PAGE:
Image: ShutterstockFraud is never far from the headlines. In 2015, one of the biggest incidents of corporate fraud that dominated the news was that of German automobile giant Volkswagen, which came under fire for inserting a “defeat device” in its diesel engines to cheat on emission tests. Today, the company is contending with potential regulatory fines and compensation cases from customers, as well as major reputational repercussions that have severely affected its market share. Meanwhile, in another instance of fraud, electronics conglomerate, Toshiba was found to have overstated its earnings by nearly $2bn over seven years, more than four times its initial estimate. With scandals such as these in the limelight, attention to ethics in the workplace has gained momentum. Every organisation needs to have a compliance strategy in place to determine potential risks, identify ways to mitigate them in time and outline a future course of action. These strategies need to extend to the department level where compliance violations and issues can often pose a threat to organisational reputation. Programmes, processes, and technologies need to be in place to identify, prioritise, investigate, and address compliance violations and risks before they morph into black swan events. Strong policies and processes are also important in mitigating these risks. In fact, having a robust corporate compliance programme helps organisations maintain compliance with external regulations, as well as internal policies and processes. Training employees on policies also goes a long way towards ensuring an ethical environment. But building a successful compliance and ethics programme can often be challenging. So how can you be ready to deal with risks that you haven’t faced yet? Here are five best practices: (1) Be proactive in managing compliance and ethics An organisation’s readiness to handle a compliance issue is critical as it impacts brand value and profitability. To that end, successful businesses need to be proactive in terms of establishing controls and processes, defining accountability, and centrally managing compliance requirements so that they are easily accessible to all concerned departments. Being proactive also requires the corporate compliance team to collaborate with other departments and regulatory compliance groups to manage their compliance processes, controls, templates, and timelines. This approach gives the corporate compliance team comprehensive visibility into organisational compliance, so that they can perform regular or ad-hoc assessments to minimise violations.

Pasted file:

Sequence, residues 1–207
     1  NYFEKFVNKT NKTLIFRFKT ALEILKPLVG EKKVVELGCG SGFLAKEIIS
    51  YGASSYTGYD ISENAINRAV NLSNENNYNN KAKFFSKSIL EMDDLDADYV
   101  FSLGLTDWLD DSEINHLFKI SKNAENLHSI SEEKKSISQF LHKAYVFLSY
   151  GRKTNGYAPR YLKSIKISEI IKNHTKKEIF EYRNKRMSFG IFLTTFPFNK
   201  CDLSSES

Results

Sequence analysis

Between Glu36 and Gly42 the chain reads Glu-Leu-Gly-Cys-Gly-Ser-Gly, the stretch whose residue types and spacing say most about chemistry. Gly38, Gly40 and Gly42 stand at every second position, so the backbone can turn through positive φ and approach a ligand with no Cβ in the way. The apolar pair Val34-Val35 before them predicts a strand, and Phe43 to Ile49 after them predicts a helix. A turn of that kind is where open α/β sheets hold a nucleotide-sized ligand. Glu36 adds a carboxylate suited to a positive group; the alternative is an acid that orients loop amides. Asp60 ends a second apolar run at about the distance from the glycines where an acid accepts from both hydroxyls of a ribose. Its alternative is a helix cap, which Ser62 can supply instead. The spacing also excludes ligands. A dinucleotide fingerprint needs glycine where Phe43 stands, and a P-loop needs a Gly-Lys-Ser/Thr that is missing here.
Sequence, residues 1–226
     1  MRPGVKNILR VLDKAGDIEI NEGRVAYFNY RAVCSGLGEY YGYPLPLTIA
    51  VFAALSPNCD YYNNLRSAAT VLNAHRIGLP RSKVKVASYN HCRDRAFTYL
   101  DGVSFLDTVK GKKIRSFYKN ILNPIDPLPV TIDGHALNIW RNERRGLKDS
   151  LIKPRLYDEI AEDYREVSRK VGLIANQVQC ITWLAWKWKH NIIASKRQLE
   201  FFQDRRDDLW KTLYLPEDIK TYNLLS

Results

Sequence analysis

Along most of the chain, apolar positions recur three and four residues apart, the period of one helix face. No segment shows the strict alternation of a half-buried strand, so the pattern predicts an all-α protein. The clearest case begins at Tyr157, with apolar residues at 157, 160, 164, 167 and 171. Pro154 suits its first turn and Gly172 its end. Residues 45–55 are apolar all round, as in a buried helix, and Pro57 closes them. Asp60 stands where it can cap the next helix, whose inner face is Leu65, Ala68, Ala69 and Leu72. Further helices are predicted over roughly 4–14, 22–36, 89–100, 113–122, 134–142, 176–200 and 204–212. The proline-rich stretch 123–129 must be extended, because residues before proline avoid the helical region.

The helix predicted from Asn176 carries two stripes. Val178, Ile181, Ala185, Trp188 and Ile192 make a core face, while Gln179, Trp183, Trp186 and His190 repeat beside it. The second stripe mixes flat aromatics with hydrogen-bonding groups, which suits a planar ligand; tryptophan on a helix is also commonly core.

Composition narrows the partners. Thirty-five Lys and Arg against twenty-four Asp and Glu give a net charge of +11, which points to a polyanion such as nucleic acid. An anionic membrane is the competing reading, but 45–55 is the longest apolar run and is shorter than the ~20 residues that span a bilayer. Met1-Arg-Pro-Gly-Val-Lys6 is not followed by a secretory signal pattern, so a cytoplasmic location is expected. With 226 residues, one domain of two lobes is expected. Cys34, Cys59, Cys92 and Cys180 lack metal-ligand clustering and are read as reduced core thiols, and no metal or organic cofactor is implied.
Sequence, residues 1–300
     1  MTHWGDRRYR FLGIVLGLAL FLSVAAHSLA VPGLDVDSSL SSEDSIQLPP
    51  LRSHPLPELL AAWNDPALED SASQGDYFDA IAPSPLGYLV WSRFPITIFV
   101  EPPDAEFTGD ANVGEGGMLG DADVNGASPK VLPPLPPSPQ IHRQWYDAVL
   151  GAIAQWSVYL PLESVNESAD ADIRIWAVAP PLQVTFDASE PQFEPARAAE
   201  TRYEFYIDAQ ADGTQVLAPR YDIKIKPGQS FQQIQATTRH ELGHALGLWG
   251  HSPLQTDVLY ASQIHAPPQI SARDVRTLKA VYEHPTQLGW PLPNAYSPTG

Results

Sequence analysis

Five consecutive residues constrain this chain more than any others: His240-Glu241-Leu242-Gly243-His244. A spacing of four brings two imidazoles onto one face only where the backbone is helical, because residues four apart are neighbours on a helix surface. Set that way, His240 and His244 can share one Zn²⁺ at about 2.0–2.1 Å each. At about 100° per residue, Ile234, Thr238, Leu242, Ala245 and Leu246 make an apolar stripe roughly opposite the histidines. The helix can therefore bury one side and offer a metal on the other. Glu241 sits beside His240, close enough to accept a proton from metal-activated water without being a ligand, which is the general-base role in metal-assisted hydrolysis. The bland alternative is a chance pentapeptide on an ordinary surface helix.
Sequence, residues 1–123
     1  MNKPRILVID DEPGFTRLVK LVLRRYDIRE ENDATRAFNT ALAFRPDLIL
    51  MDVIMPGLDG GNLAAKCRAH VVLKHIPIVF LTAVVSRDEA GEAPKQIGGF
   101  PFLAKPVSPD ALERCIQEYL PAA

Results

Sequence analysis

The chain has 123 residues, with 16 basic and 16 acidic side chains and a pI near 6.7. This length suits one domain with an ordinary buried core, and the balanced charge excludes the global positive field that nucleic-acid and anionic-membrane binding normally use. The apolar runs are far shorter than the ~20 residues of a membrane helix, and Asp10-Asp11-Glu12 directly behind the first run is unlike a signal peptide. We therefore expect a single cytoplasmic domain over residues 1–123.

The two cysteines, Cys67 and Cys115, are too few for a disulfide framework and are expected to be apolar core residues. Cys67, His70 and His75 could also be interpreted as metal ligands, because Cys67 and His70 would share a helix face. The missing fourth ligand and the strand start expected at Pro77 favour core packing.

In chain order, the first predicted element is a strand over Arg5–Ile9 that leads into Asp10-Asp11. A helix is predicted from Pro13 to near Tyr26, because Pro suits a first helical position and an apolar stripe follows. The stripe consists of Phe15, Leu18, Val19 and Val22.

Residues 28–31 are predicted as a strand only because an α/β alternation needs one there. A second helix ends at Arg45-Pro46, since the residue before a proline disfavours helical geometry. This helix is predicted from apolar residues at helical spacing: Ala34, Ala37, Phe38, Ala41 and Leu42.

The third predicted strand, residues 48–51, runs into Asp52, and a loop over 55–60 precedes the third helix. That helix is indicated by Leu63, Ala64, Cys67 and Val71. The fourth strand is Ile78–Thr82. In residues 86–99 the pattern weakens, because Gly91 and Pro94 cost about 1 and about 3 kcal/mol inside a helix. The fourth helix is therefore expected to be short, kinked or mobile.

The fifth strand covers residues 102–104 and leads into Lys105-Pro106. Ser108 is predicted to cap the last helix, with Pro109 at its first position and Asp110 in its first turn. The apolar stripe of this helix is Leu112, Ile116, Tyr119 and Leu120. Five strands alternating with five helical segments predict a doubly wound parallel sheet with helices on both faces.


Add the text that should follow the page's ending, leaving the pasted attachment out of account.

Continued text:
Continue reading to find out how compliance is a continuous process that requires businesses to keep setting new goals.
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